How to Survive as the Wife of the Monster Duke - Chapter 174
“Greetings to the Grand Master!” voices called seemingly from nowhere. Ilyin looked around, but there was nothing that resembled the ruins from the dream. Nothing but the flat ground spreading out around them . . . almost nothing. Just off to one side, the ground seemed a bit uneven. Soon she made out the regular lines of stairs leading down into a dark passage of some kind. It was from here that two knights walked up.
“Greetings to Madam!” they called again. Delrose knights, faces that were familiar to her, though she couldn’t quite place names.
She blinked in momentary confusion. Den had told her they would have the ruins to themselves, but here were Delrose knights greeting them from the ruin’s entrance. Knights who had clearly been waiting for them.
“Were the scouts not told to go back?” she asked Den, cocking her head back toward him as she half-whispered.
“They’d already returned to the mansion before we left!” he responded. As he, like Ilyin, regarded the knights curiously as they saluted.
“We’ve been stationed here to help you with the examination of the Milton ruins,” they said.
“Idith,” Aden said bluntly, and the knights made no denial.
“Our orders were to see to ma’am’s safety!” they said. That didn’t mean to ignore Aden’s safety, of course – that was always their priority. It just meant that Idith was clever.
It seemed he felt there weren’t enough guards for their excursion. So, he used Ilyin’s safety as an excuse to send more.
“What an exceptional aide,” Ilyin said, suppressing a laugh.
Aden could say nothing. Idith was using the only loophole he had, the only one the Duke of Winter would allow – the safety of Ilyin. He had no argument against it.
Idith knew him too well.
“Everyone, wait outside,” he said, holding up a hand to the assembled knights. There was nothing he could say against their being here, so he would simply have them stay out of their way.
“Idith seems worried,” Ilyin said, unable to stop giggling. “We should finish as quickly as we can.”
The two of them dismounted, and – with a last wave of acknowledgment from Aden to the knights, the two of them disappeared down the stairs.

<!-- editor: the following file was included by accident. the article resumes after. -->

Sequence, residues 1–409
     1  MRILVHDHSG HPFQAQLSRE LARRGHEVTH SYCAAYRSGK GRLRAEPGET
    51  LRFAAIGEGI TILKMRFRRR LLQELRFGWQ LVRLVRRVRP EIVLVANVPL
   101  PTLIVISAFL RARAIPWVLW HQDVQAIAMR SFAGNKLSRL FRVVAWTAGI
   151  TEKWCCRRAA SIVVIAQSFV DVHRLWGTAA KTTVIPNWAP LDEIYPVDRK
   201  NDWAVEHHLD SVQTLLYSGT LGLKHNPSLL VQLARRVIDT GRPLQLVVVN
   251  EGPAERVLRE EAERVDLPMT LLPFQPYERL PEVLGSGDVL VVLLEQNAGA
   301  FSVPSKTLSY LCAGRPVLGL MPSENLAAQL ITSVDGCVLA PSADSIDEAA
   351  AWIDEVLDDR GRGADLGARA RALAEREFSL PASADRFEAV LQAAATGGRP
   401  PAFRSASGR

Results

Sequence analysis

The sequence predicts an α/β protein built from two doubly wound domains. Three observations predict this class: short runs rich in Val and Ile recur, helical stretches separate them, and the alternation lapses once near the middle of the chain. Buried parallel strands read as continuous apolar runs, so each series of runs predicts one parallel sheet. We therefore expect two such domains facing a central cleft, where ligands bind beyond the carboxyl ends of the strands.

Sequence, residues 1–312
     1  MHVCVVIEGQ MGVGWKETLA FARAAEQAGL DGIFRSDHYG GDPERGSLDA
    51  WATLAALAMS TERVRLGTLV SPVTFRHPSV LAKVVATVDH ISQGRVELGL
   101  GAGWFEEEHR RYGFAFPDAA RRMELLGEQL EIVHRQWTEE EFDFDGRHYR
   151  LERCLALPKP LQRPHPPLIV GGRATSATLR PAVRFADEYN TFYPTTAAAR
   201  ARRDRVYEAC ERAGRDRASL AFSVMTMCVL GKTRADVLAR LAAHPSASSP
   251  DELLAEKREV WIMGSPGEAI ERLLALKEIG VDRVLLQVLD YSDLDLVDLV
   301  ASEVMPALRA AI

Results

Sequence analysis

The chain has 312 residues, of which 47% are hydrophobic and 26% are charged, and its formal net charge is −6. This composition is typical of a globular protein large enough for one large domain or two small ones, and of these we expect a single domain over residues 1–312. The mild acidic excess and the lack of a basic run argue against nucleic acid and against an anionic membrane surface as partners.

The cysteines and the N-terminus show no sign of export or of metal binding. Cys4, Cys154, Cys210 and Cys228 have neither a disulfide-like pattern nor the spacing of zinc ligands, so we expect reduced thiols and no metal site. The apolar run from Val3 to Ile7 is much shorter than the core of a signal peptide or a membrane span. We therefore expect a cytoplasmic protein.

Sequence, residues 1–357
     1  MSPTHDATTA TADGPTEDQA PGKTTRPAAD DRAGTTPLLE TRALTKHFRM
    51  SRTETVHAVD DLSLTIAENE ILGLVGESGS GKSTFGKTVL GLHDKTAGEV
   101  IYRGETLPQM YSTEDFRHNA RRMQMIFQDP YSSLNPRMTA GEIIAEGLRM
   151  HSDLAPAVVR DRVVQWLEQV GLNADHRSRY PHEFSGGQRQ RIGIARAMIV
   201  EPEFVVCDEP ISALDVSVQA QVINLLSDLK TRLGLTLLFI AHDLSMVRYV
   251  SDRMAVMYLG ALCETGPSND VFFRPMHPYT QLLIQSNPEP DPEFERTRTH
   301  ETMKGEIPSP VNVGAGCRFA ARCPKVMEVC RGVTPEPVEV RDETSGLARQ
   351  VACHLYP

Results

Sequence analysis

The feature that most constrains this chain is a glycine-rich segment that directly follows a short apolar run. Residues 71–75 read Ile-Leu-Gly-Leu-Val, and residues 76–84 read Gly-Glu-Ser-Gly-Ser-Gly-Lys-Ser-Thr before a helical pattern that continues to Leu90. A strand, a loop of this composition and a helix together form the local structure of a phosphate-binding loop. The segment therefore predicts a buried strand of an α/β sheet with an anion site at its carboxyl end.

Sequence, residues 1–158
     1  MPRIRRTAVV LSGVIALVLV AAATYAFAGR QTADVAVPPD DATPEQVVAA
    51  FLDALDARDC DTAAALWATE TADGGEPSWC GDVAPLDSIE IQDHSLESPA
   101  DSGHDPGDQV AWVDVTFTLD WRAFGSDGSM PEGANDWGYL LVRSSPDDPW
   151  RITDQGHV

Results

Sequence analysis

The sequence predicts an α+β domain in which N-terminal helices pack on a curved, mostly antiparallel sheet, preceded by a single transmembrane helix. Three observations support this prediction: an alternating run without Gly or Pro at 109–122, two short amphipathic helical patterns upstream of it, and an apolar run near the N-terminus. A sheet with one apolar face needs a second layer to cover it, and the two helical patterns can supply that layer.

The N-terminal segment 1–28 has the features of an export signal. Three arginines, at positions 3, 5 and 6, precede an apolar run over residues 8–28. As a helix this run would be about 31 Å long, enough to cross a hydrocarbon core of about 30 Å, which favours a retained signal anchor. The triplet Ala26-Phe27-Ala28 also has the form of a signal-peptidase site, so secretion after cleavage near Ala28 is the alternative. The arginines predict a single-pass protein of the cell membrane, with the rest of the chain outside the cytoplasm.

“Wow,” Ilyin said. The underground ruins were surprisingly warm. Ilyin was surprised – her winter clothes felt a bit heavy for the first time she could remember in the winter region. Was it simply because there was no wind down here? Or something else?
“An icicle,” Aden said curiously looking at the corner where a long icicle hung in a narrow space where light came in from outside. More precisely, it was a pillar of ice, reaching all the way to the floor.
Icicles were not usual in the winter region – they meant that at some point the snow had melted into water. Snow . . . melting? Here, in the winter region? Aden noted the pillar was quite thick – snow must have melted here repeatedly to build something like that.
Aden took note of the place as they moved. Used to battlefields, he was a keen observer by nature, and even though the knights had already been through it, he still kept a watchful eye.
“Be careful,” he said, then flinched slightly as he realized he was repeating the dream.
“Thank you,” Ilyin laughed, her voice hushed in the quiet and closeness of the ruin.
The hallways of this place were wider than they’d expected, almost rooms in their own right. At the far end stood a massive door.
“There’s no doorknob,” Ilyin said, walking forward.
Aden scanned the hallway. There were fresh footprints, but they were all from the Delrose knights.
“I believe it’s designed to open when we approach,” he said. He was alert, but not on edge. His instincts seemed satisfied that there was no danger lurking here, though he didn’t lower his guard as he escorted Ilyin to the door.
Suddenly there was light in front of them. Ilyin shut her eyes quickly. Aden clenched her hand and, with his free hand, drew his sword on reflex.
But after the initial shock, the light wasn’t threatening. There was a fireplace in the wall on one side of the hallway, and the sudden light had been a fire springing up as they neared it.
Suspicious, Aden thought. Experienced with divine power, he was familiar with flames that reacted to people. There had surely been contact between the Miltons and the Mollys, so this could be Mollys’ magic.
But why had it not reacted to the knights? Surely the icicle would have melted slightly if the fire had sprung up before. He put his hand out to the fire, felt the warmth of it as he expected. No, this had definitely not happened when the knights had come through here.
The door in front of them began to open slowly, revealing the space they’d seen in their dream. It was an odd feeling for Aden, to already know an unfamiliar place.
Was this how it was to see the future?
“This is . . .” he said.
“It’s the Miltons’ ruins,” she responded, and they exchanged a knowing look. We’re speaking the words we’ve already heard. Unlike him, she had complete faith in the foresight that had shown no danger here, so she walked casually but quickly toward the wall, forcing Aden to quickly step to stay beside her.
They walked first to the great tree they’d seen in the dream, and the detailed figures below it – four humans and five monsters, and one monster that looked very much like a human. There was a small purple jewel embedded in that figure.
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